Back to EDSA
We are still of the belief that to relieve clogged EDSA, Metro Manila needs all three ring expressways; NLEx connector, Skyway Stage 3 and Skyway Stage 4 alternatively known as C-6. Of course, demanding all of this simultaneously would strain the right-of-way purchasing budget of the DPWH. And depending on the route taken, the traffic clearing abilities of the MMDA.
Citra-San Miguel, proponents of Skyway Stage 3 have no problems accessing mega finance. The same is true for Metro Pacific Tollways, proponents of the NLEx connector. The pinnacle of design ambition for the projects envisioned is only as high as their pockets are deep. Then the only hurdles are the speed and imagination of the approving government agencies involved.
The Citra-SM Holdings-PNCC alignment or Skyway Stage 3 is a 2-level stacked elevated expressway passing over South Super Highway, Quirino Ave., Paco-Sta Mesa Road, Pandacan Bridge, G. Araneta, Sgt. Rivera and A. Bonifacio. The mid level has 3x3 carriageways and 8 exits. The top level is a 2x2 expressway that serves as the express route between Buendia and Balintawak.
Skyway Stage 3 lends itself to building, upward, by stages. Citra can first complete the 3x3 Skyway mid-level from Buendia to Balintawak. If DPWH is delayed in buying the right of way for the exits, Citra can always postpone the on/off ramps but it is critical that the Skyway Stage 3 mid level is finished from end to end. So, barring any new Financial Crisis, no repeat of the 10-year gap between a finished Skyway Stage 01 and Stage 02. As traffic builds up, then the top level 2x2 expressway can begin construction.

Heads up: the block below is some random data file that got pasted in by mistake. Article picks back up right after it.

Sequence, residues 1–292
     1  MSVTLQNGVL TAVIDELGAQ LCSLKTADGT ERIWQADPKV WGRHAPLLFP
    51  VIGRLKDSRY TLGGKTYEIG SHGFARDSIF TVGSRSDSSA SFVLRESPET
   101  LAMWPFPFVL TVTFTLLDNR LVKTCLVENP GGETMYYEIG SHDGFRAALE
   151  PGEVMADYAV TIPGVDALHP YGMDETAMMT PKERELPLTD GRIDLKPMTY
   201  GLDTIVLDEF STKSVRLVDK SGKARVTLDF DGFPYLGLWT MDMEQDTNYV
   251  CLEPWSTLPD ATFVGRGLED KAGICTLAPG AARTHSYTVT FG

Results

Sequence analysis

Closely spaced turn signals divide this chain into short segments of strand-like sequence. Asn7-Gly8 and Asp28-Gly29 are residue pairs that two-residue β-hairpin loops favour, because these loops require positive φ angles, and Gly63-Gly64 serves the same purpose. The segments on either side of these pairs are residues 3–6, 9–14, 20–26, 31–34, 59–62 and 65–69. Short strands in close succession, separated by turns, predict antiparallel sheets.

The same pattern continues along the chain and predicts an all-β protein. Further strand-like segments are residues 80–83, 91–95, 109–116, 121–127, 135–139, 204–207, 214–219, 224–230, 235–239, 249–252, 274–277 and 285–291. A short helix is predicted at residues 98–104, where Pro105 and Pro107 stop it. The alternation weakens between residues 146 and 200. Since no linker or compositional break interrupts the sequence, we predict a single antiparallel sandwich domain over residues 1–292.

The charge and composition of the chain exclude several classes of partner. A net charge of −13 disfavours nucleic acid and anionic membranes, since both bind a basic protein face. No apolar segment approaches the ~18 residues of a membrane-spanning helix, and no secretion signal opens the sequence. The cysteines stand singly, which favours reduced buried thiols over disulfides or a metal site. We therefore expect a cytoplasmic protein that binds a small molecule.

The construction of the piers of both the mid level and top level Skyway will have to be done from the onset. This will mean a traffic nightmare for the city's disjointed C-3 ring road, with a daily tussle between night time truck haulers and the MMDA, but then the benefits will be forthcoming. If Citra will push through with its PHP 99.00 end to end Class 01 toll, then it is up to the authorities to give Citra a reasonably long franchise term for them to recover their investment. Case in point; the beautiful Millau Viaduct over the Tarn Valley in France has an 80 year franchise term.
Railroad of dreams
The NLEx connector on the other hand needs the completion of Segments 9 and 10 or the so-called Harbor Link. Right of way purchasing is still on going. The NLEx connector will be using the PNR right of way. But the PNR has sold or pawned the air rights of the railway and stations to HGC [Home Guaranty Corp.] in order to fund its modernization. Moreover, DOTC Sec. Roxas envisions the North-Rail-South Rail link using the same PNR right of way as a high speed railway so additional easement has to be purchased.
This means the NLEx Connector is limited to a 2x2 carriageway, running parallel to the elevated railway. Because of space limitations, NLEx planners have limited the exits of the connector to only four, which keeps to its intent as an express through route. As for the air rights, leave it to Metro Pacific to think of a good win-win deal where HGC can gain a steady income stream from the proceeds of the tolls collected.